Weaknesses and bad habits may be a part of the human landscape, but that doesn’t mean we like to focus on them. Or fix them. Or deal with them in any way, really. But in doing so, we’ll wake up, inspire change and smell the coffee of what’s to come. It might be hard to spot your own, but once you see them for what they are, a better way starts to take shape.
For years, I’ve clung to a phrase I saw on a poster at my kids’ elementary school. It read, “Do your best work, not your fastest work.” When they come home with misspelled words or careless math errors, I remind them of this little diddy and send them on their way.
A weekly email newsletter that I receive from Danielle LaPorte, writer, speaker and inspiration ignitor, arrived today asking this question: “What’s chronic, repetitive, or inflamed in your inner or outer life?” And instantly, my mouth dropped. I realized I’m not following my own advice. (Shocking, I know.)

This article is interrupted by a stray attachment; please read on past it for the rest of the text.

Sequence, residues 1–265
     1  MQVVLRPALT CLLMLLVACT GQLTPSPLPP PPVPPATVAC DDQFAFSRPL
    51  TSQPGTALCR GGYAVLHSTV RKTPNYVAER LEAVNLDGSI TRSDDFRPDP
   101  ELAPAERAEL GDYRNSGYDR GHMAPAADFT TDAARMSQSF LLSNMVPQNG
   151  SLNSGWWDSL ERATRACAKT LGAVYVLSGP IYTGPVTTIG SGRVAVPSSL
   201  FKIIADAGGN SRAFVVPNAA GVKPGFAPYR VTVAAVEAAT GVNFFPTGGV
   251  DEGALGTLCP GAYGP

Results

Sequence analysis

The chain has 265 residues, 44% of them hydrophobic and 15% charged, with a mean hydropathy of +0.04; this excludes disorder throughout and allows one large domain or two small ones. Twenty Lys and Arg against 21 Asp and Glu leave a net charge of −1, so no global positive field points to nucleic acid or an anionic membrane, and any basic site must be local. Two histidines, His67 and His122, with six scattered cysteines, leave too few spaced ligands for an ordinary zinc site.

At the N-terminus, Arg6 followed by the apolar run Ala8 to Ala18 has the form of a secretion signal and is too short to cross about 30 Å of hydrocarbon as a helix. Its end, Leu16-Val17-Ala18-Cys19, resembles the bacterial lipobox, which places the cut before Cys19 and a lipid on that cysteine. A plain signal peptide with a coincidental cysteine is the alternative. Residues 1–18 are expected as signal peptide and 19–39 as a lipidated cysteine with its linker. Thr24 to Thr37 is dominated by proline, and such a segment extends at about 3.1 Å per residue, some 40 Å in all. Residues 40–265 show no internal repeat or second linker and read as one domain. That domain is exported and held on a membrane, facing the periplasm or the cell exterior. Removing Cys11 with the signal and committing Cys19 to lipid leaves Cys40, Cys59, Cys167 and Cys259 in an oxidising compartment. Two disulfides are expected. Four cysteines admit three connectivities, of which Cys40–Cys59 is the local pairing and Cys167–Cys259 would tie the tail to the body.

I do good work. Often times, I do great work. But I’m always working fast, so am I doing my best work? Time–and using the lack of it as an excuse for not doing my best work–is my inflammation; the burning fire of chronic repetition in my life that needs to be stomped out. If I look back, I’ve always done well. But have I ever really done my best? And if I did–if I really did, what could happen? This burning question warrants further investigation for all of us, I think. Don’t you?
This is a real challenge for moms; master multi-taskers and constant jacks-of-all-trades. In a world where I feel I need to be all things to all people at all times, what does doing my best even mean? I may not know the answer yet, but I’m a big fan of practicing until you perfect. And while there’s no “perfect” in motherhood or writing, there is “my best”. And from now on, I’ll do my best to settle for giving nothing less.
What’s your chronic issue? What’s inflamed and requiring change in your life? What would happen if you detected it and started to address it today?